In life, especially in parenting, there are a lot of moments when you look back and think, “Oh my gosh....I thought that phase was a challenge?”, because youʼve realized that whatʼs next is not going to be any easier. My first real experience with this was when I had my second son. I knew that having a baby was a lot of work. You have to feed them, like, all the time. And their diapers.....thereʼs a lot of diapers. And they smell really bad. But I felt like I had done a decent job of mastering basic parenting skills, and I actually was dumb enough to think that adding a second baby into the mix was going to be a piece of cake. Obviously, I was waaaaay wrong. Having a toddler and an infant presented a whole new set of challenges that I had totally not anticipated. Definitely not a piece of cake, to say the least. That was the first time I ever felt completely unprepared for what was to come, because I had severely underestimated the complexity of the task at hand....my first OMG moment.
My latest OMG moment was when I contemplated signing up my oldest son (who has celiac) for church camp. I thought it was a great idea, and would be a lot of fun. But them I remembered that he would be there for three full days, and Iʼd have to check out the menu and see what he could and couldnʼt eat. I (stupidly) thought it would be an easy few fixes, like maybe packing some gluten free cereal and some GF bread. We go to a pretty big church, so I assumed that they had probably dealt with sending kids with food allergies or intolerances to sleep away camp. I sent an email to the church office and explained the situation and asked if it would be possible to get an advance copy of the menu to see what items I would need to sub out. I was absolutely shocked when I received their reply....they had no idea what I should do. They had no idea what the menu was and they werenʼt sure if there even was an advance menu. They suggested that I call the organization that runs the camp, and that maybe I could pack a cooler of acceptable food for my son. Or I could volunteer to be a camp counselor so I could be there to examine each item as it was served.
Well, this might make me a really bad parent, but I completely threw in the towel. I still havenʼt called the organization, and I havenʼt talked to my son about what he wants todo. I think its because I am still just so shocked. Weʼve been gluten free for a little over two years now, its become our normal. We know how to make killer GF cupcakes, and we know which pizza and sushi places have the best gluten free menus. I thought we had it down pat....and we do, in our controlled family setting. I thought we had won the battle, unaware of all the challenges that we have yet to face.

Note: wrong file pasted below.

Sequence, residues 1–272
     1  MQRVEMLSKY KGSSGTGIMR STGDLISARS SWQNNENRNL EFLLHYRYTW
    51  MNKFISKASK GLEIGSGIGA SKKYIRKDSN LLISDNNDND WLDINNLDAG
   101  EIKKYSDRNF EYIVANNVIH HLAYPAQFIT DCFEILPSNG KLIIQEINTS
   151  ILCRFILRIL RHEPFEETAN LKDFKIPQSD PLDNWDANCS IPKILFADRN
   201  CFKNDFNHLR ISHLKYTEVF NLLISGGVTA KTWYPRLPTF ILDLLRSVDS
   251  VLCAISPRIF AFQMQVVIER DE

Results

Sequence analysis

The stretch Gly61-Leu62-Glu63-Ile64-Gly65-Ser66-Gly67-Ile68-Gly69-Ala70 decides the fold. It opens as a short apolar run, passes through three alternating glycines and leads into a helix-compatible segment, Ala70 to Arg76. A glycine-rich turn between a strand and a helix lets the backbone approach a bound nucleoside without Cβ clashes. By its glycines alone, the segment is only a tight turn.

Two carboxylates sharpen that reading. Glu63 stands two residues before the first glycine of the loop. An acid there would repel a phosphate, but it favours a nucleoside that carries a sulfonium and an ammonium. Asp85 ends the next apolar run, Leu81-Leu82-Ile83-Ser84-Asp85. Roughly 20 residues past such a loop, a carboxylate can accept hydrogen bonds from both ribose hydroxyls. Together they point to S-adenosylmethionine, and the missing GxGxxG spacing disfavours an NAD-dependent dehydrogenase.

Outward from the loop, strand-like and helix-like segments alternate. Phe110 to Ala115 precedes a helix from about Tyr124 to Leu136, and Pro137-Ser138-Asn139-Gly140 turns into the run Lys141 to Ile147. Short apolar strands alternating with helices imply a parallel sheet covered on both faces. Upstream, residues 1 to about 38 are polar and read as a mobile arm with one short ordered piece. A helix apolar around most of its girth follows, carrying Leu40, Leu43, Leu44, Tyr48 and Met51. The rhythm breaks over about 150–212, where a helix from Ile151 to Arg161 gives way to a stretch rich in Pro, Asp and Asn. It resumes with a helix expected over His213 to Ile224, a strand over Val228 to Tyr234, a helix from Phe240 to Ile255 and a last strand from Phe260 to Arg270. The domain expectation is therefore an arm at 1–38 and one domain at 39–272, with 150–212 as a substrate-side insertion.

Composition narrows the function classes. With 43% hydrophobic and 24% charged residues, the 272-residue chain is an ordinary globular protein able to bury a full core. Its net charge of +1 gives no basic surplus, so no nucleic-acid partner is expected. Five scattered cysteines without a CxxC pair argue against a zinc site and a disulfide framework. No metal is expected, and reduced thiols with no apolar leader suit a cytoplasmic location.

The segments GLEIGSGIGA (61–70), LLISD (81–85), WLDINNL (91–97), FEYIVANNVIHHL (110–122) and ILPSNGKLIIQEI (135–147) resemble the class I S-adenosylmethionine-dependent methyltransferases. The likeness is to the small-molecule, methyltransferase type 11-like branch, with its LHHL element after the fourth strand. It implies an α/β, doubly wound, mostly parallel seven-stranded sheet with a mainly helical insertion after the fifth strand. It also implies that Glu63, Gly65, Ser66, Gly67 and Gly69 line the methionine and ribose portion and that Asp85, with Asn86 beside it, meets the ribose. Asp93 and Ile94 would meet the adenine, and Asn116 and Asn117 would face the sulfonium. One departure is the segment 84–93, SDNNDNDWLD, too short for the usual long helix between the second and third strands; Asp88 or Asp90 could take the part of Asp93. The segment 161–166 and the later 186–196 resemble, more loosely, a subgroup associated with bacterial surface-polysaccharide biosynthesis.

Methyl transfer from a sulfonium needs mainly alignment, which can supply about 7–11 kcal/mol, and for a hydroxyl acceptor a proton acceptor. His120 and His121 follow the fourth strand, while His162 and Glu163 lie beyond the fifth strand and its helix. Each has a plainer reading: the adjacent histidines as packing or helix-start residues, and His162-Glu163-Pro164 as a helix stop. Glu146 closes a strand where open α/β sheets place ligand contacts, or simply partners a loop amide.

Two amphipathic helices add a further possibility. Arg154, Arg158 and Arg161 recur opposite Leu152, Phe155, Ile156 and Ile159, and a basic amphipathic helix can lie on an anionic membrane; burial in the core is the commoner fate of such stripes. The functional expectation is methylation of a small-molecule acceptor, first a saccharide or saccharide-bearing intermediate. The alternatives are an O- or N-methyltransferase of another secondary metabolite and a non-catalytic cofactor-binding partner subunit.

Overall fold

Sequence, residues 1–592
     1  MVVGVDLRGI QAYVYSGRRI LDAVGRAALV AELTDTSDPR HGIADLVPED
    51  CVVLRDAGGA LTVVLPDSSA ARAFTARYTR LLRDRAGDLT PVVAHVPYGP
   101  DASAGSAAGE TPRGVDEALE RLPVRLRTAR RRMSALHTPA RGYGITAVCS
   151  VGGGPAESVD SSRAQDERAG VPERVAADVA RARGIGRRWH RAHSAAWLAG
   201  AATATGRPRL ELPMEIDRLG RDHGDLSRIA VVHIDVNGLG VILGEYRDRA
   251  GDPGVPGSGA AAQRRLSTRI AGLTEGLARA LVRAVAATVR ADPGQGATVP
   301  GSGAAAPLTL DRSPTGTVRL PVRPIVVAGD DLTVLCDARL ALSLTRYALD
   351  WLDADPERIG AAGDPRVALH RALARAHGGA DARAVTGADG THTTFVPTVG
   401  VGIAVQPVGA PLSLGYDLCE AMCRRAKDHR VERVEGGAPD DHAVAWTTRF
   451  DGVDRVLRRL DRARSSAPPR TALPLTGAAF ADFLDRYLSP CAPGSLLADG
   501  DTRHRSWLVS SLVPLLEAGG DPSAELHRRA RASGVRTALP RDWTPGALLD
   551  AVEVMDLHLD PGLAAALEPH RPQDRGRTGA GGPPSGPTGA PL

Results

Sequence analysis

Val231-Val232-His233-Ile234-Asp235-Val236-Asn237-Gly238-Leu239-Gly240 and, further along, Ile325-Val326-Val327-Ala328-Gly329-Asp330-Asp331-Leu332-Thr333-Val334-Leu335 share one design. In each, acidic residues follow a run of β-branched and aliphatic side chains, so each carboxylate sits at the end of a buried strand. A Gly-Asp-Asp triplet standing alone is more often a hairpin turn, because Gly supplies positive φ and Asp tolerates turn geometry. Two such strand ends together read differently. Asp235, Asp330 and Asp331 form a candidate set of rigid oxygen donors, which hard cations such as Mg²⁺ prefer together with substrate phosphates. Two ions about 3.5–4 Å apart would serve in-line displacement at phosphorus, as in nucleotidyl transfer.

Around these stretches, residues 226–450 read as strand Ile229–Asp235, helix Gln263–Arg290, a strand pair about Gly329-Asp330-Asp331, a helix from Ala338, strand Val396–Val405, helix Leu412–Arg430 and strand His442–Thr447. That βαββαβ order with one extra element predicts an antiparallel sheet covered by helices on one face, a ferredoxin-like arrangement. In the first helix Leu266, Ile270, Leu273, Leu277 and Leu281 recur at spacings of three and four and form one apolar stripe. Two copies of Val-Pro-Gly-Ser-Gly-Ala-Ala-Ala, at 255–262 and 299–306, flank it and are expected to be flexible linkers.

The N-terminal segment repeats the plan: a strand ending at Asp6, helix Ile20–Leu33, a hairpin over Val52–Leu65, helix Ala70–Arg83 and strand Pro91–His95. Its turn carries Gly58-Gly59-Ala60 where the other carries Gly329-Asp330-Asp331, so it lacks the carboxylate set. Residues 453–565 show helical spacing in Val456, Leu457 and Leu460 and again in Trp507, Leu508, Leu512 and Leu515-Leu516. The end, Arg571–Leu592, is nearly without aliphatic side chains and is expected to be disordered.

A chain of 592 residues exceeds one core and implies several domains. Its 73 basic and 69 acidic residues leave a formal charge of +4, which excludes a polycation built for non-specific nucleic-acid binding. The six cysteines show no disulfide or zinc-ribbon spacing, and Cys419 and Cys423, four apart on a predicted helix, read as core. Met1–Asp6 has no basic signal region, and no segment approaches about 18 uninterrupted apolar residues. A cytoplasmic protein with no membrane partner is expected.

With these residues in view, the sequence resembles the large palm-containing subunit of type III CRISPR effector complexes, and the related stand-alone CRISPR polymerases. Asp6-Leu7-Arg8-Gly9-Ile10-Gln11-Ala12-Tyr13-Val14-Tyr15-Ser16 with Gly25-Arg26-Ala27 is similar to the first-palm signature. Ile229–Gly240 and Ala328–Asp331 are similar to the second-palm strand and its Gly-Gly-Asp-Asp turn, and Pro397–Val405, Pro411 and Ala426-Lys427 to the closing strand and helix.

My son is nine now. Heʼs old enough to decide if he wants to go to church camp with a cooler full of gluten free food. Pain in the butt, yes. Unachievable....probably not. However, this experience really made me think about a whole new world of “what ifs”.What if he wants to eat dinner over a friendʼs house, and then realizes he canʼt eat what his friendʼs parents are making? What if heʼs hanging out with his friends and they all order pizza? Will he order his own, or cave to peer pressure? What will I do when my son wants to go to a party, but heʼs not quite old enough to drink? He wonʼt be able to drink from the tasty keg of Keystone that everyone else will be tapping. Will I be able to trust him not to? Or will I wind up being the mom that sends her kid to a party with his own six pack? And college.....thatʼs something I really canʼt even wrap my head around. Maybe by that point in time, more schools will have gluten free food menus, but otherwise, heʼs going to have to know how to cook for himself.
Helping a 7 year old to embrace a gluten free lifestyle was difficult....but Iʼm realizing that once again, I am completely unprepared for the challenges that lie ahead.Unfortunately, I donʼt have any friends with older children or teenagers who are gluten free. We have a lot of family members and friends who have experience with celiac andthe lifestyle changes that it involves, but none of them were diagnosed until adulthood.
Maybe some of you reading this have older children, or maybe even are older teens. I would love to hear what situations you found most difficult, and how you dealt with them.
Because, oh my gosh.....Iʼm gonna need all the help I can get!
GF Mommy Hilary